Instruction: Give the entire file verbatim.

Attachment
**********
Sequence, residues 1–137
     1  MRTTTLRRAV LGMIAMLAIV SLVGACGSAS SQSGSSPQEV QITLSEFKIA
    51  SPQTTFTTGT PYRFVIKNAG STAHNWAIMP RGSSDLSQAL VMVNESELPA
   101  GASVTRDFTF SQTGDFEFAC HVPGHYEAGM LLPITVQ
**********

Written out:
Sequence, residues 1–137
     1  MRTTTLRRAV LGMIAMLAIV SLVGACGSAS SQSGSSPQEV QITLSEFKIA
    51  SPQTTFTTGT PYRFVIKNAG STAHNWAIMP RGSSDLSQAL VMVNESELPA
   101  GASVTRDFTF SQTGDFEFAC HVPGHYEAGM LLPITVQ